Radon On the Radar

You can't see it, smell it or taste it, however radon is a very real,
radioactive gas that occurs naturally in the environment, particularly in some
geographic regions. Formed by the disintegration of radium (a decay product of
uranium), the gas can move freely through the soil enabling it to escape to the
atmosphere or seep into buildings. People can be exposed to radon in homes,
workplaces, schools, and other places.

In open air, radon gets diluted to very low concentrations and poses a
negligible threat. When released into a building through cracks in the walls
and floors, or through gaps around pipes and cables, however, it can accumulate
to high levels. Basements and crawl spaces tend to have the highest
concentrations of radon because these areas are closest to the source and tend
to be poorly ventilated. Therefore, people who spend much of their time in
basement rooms at home or at work could have a greater risk for exposure.

In high enough concentrations or with prolonged exposure, radon can cause lung
cancer. It is the second-leading cause of lung cancer after smoking. According
to the US-American Environmental Protection Agency (EPA) radon claims about
20,000 lives in the U.S. each year. The Canadian Medical Association Journal
says radon is estimated to cause about 10% of lung cancers, or more than 2,000
cases each year in Canada.

Health Risks
Radon emits alpha particles and produces several solid radioactive products
called radon daughters. Most radon daughters become attached to tiny dust
particles in indoor air. Some don't. A fraction of both attached and unattached
radon daughters are deposited into the lungs, where they emit particles that
are absorbed in the nearby lung tissues. Since alpha particles cannot penetrate
more than a fraction of a millimeter into the tissue, the damage is confined to
the lung tissue in the immediate area.

The degree of risk from radon depends on how much radon is present, how long
the person is exposed, and whether or not the person smokes or is exposed to
second-hand smoke. Since smoking is the number one cause of lung cancer and
radon is the second, the combination of inhaling radon gas and exposure to
smoke significantly increases the risk. To further compound the problem, there
are no warning signs of radon exposure.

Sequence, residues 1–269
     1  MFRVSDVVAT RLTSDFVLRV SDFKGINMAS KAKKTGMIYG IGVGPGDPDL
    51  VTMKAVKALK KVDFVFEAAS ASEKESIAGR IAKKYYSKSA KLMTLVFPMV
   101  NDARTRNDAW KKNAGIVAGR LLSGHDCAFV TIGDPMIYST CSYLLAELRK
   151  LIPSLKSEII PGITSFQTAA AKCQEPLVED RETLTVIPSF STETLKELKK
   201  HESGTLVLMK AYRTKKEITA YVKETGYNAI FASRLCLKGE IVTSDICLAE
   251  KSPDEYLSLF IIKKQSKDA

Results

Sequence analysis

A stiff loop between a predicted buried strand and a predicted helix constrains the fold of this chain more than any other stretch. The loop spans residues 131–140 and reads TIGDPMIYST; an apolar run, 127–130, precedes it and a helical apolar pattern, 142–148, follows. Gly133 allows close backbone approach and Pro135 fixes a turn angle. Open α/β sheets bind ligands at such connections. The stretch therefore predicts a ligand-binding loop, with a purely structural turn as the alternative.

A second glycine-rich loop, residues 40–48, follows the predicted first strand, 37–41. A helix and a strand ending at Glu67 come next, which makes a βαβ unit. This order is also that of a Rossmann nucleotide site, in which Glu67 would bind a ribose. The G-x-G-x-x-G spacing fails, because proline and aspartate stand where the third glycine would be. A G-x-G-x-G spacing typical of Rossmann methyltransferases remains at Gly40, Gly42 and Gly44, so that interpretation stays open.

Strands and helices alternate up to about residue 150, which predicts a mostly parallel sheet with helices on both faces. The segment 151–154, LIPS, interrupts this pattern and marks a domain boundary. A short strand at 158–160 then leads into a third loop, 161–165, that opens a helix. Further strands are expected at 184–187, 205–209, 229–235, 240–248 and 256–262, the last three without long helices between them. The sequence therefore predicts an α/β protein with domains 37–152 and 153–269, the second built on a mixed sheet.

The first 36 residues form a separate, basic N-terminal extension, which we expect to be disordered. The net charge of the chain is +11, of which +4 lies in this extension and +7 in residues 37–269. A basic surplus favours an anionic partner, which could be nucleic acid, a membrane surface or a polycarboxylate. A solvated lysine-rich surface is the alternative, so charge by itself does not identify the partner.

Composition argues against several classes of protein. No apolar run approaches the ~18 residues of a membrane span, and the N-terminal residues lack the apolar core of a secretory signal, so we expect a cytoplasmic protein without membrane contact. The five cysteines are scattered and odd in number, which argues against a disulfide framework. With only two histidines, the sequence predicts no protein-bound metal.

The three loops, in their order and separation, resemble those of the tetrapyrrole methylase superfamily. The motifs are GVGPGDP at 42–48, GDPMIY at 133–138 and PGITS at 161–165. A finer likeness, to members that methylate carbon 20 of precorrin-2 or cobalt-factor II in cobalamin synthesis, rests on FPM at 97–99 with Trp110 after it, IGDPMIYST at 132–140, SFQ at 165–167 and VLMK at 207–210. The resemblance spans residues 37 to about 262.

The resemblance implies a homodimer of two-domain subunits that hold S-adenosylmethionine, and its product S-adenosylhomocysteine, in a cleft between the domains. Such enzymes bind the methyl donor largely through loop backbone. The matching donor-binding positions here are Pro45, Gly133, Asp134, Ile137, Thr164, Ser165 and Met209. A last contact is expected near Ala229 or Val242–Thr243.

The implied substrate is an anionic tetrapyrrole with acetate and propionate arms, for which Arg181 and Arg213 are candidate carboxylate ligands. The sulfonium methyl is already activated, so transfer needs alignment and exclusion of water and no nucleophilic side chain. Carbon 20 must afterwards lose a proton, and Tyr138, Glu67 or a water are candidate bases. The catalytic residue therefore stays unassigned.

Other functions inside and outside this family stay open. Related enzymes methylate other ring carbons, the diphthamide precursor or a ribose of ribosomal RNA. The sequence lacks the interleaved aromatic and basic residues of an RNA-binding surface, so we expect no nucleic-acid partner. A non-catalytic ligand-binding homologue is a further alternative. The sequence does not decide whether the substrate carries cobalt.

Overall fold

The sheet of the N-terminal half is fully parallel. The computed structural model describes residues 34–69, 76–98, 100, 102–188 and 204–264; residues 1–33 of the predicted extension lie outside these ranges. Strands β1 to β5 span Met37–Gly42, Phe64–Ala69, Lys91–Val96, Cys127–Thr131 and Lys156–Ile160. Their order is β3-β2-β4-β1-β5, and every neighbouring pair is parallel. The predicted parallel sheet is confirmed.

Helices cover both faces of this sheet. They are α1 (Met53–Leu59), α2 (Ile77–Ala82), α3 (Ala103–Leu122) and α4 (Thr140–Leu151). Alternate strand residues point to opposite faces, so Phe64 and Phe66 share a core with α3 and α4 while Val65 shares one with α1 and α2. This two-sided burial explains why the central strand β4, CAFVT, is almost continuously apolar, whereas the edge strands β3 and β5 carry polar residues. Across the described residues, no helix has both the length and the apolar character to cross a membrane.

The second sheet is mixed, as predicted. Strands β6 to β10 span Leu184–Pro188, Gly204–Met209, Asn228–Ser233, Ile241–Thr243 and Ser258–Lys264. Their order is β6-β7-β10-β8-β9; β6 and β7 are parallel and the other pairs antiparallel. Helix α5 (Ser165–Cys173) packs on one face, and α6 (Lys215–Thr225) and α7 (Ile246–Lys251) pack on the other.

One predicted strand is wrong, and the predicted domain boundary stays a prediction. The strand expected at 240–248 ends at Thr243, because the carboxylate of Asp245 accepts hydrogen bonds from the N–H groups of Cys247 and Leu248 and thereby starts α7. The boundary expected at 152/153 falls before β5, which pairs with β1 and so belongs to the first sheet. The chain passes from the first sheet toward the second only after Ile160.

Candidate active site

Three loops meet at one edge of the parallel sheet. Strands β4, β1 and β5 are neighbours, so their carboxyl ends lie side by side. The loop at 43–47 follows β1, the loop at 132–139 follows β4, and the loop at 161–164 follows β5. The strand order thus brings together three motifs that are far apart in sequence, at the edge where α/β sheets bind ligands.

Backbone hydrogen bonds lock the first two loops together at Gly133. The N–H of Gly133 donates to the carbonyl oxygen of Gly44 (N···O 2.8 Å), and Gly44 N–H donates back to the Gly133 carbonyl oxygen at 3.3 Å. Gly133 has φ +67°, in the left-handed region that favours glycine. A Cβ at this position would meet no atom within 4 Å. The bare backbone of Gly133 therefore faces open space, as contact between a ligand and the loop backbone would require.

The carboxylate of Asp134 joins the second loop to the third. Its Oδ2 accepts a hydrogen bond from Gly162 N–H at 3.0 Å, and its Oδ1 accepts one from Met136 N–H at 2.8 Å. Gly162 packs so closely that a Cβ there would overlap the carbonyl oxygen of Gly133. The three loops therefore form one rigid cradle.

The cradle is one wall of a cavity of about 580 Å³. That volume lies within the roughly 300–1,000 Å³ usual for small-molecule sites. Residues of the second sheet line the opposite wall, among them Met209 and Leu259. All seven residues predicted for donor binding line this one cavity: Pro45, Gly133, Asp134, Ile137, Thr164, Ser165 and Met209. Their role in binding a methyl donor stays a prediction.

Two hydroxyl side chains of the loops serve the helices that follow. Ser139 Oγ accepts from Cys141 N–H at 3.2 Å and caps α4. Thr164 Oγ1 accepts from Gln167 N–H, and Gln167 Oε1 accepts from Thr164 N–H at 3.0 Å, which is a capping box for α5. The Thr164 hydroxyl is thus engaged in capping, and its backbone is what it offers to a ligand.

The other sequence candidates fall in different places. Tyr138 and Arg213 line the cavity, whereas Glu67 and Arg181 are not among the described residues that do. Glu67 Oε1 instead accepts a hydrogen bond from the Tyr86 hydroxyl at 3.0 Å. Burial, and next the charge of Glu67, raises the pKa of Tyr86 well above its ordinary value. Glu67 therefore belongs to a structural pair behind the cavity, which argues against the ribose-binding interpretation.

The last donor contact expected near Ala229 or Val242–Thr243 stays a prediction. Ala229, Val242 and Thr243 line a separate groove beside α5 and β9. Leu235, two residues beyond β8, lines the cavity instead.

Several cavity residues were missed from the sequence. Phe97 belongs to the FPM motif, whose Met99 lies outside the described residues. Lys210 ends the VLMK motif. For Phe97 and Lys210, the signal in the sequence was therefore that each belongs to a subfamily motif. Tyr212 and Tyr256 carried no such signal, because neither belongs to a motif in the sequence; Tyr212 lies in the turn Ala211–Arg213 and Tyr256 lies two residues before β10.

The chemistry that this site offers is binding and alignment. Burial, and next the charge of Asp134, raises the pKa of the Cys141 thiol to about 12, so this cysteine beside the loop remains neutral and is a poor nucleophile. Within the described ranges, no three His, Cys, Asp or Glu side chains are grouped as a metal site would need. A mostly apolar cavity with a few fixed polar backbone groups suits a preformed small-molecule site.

Scientifically, there has been no direct evidence linking indoor radon exposure
in buildings to an increased risk of lung cancer; the link is based mainly on
data from a study of lung cancer mortality among uranium miners and other
workers exposed to very high levels of radon daughters. Regardless, the EPA
recommends radon testing in the home or workplace. It's the only sure way of
knowing how much of this imperceptible gas is present in your home or workplace.

Radon Detection and Control
You can't detect the presence of radon with any of your senses, but you can
test a home or workplace fairly easily for the presence of radon, either with a
do-it-yourself-kit or by hiring professionals to perform long term testing.
Health Canada offers a Guide for Radon Measurements in Public Buildings.

Once radon has been detected, exposure must be controlled.

Air filtration can decrease the radon daughter concentration as much as 90
percent by removing the airborne particles that the radon daughters are
attached to.

Increasing ventilation reduces indoor radon levels. Opening a window can help
lower the radon level by allowing the inside air to escape and letting fresh
air in.

Caulking and sealing cracks and holes in basement floors and walls help stop
the release of radon from the ground into the building. Painting basement
floors and wall surfaces with epoxy paints also helps reduce radon emission.
Where radon levels are high because uranium mill tailing was used as landfill,
it may be necessary to replace the fill, or reduce the radon concentration by
coating the surface of the building foundation.

Invisible but detectable, radon exposure is a health hazard that can be
prevented. A simple test could ease your mind and preserve your health. Start
your new year off on the right track by putting radon on your radar.

More info - Source: Canadian Centre for Occupational Health and Safety